35 Years to Life

Someone liked one of my recent training blog posts and started following my blog this past week.  I know this because I get a notification via my phone when it happens.  And this notification jolted me awake at 2am!  I have to learn to silence that notification!  But I always appreciate it when someone takes an interest in what I’m doing or writing about.

When I publish something it gets posted to the host website, wordpress.com, and it gets shared to a reader page.  I guess that is how they may discover my blog.  Other bloggers see these posts too.  Some find my posts when they search for “triathlon” or “running”, or maybe a race report for a specific race, or search for a specific tag.  Interestingly enough, besides my home page, my most popular blog is about my do-it-yourself electronic drum kit build that I did, and all I did was post it and walk away from it.  I never shared it on any forums or anything.

For me, this blog is about documenting my journey in my later stages of life so I can look back on it and reflect.  I write for me.  But there is a great satisfaction for me when someone hits that “Like” or “Follow” button.  I’m glad that something I shared is relatable to others.

So I checked on who liked my blog and it turns out he has had a struggle with alcoholism and has been sober for a couple of years now.  He uses his blog site to write about his journey.  I never did a specific blog post about being a non-drinker, but I may have mentioned it a few times here and there.  I gave it up in college, February 1985.  I was barely 21 years old, just getting started.  I did a dumb thing in a drunken, sleepwalking state and regretted it.  No, it wasn’t illegal, and I wasn’t even ridiculed for it – just some gentle ribbing and teasing from my friends.  But I was embarrassed and thought I could be a better person.  I never thought of myself as an alcoholic and I don’t think I fit that definition.  I’m just someone who said it was time to quit something I didn’t like just as I was getting started.

The original promise I made to myself was to no longer drink to get drunk, which is the exact opposite of what most college kids do.  I promised that I would only drink socially as long as I never overdid it again.  Well, a day without drinking turned into a week, which turned into a month, which turned into a year, which led to a decade, etc.  It’s been 35 years and 2 months and adding on day by day.

I never really missed it, and I certainly missed a lot.  Ice beers came and went in the late ’80s.  Wine coolers were a huge hit, too.  I never drank a single one.  I have no idea what makes a craft beer what it is or even what it tastes like.  Wedding toast?  I put a glass of Champagne to my lips and faked it.  Block parties?  I drank soda.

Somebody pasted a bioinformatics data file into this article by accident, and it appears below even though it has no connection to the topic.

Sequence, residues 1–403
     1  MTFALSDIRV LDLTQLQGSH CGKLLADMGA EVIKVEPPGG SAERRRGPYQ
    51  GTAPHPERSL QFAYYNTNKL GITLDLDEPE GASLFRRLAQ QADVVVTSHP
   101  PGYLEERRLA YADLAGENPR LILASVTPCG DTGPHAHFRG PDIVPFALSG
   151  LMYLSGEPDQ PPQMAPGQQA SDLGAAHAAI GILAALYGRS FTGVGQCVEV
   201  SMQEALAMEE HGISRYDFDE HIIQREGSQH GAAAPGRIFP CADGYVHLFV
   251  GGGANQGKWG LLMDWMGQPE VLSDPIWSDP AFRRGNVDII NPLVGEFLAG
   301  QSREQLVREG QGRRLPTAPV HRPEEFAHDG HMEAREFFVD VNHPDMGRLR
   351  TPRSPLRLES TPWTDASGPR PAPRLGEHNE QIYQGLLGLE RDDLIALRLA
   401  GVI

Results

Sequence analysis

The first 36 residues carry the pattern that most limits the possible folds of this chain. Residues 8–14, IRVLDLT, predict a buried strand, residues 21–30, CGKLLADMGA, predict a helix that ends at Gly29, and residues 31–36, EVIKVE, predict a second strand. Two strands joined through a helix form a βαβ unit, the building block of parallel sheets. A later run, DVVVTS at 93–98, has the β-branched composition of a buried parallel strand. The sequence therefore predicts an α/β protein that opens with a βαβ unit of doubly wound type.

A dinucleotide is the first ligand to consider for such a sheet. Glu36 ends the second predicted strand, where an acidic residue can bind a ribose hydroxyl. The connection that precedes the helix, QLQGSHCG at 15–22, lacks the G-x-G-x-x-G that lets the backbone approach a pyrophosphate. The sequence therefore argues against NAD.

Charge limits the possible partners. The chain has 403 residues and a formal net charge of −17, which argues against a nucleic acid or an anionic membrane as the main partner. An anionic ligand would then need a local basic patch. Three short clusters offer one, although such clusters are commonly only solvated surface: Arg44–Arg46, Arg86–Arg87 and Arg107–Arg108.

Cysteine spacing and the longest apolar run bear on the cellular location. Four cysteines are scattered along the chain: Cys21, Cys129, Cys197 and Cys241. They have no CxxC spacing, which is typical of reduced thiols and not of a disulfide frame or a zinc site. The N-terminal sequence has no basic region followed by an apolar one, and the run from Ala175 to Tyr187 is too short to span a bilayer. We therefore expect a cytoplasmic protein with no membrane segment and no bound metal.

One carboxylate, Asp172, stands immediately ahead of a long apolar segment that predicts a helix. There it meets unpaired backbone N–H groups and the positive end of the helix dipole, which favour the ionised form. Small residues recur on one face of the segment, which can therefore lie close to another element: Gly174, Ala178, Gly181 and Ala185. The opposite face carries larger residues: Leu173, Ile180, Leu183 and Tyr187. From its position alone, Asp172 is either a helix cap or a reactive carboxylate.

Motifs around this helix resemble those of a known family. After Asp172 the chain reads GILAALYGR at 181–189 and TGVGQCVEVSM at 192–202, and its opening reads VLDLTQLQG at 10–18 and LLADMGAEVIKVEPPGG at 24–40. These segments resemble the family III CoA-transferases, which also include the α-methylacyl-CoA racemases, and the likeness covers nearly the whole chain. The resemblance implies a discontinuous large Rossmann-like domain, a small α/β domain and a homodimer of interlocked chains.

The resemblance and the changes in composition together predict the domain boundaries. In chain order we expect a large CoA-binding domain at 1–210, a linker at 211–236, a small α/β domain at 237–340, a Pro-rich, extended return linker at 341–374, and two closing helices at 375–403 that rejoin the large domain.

The current crazes are wines and whiskey.  My buddy has an awesome collection of whiskey/bourbon/scotch and the like.  I find it very interesting, but I am not drawn to it in any way.  He encourages me to give some a try, but I have no desire.

I truly don’t remember what being drunk actually feels like.  I couldn’t describe it to you.

So what has kept me on this path of sobriety for so long?  Not sure really.  Some people actually have an addiction that they have to overcome.  I wasn’t addicted.  I would never claim that I was an alcoholic.  I think that is an insult to those that struggle with alcoholism.  I didn’t even really enjoy the taste of alcohol, and I definitely didn’t enjoy the post-drinking hangover.  I quit drinking because I was embarrassed and just had enough will power to no longer do it.  I can sometimes challenge myself and get focused enough that I won’t let anything stop me from my goal.  Running marathons?  Doing an Ironman?  All tough things to do, but I focused on it and got them done.  Giving up drinking was just another challenge that went past the original sentence I gave myself – probation and don’t do it again.  Probation is way over now, and as an adult I think I could probably drink without being irresponsible.  But that’s not going to happen.  My sentence currently stands at 35 years to life.  I can do that easily.

So if my story of giving up something that everybody does and can provide you some inspiration to do the same, I would be thrilled.  Best of luck on your journey.

Author: Ironman Chris

Family, running, triathlon and drumming are my things.

One thought on “35 Years to Life”

  1. I read your blog from time to time. I might not able to do what you do, but I like your race reports and generally the things you write about. I write for myself too. Yep, I silenced mine notification too and I think I can relate with the notification waking me up in the early hours 🙂

    Liked by 1 person

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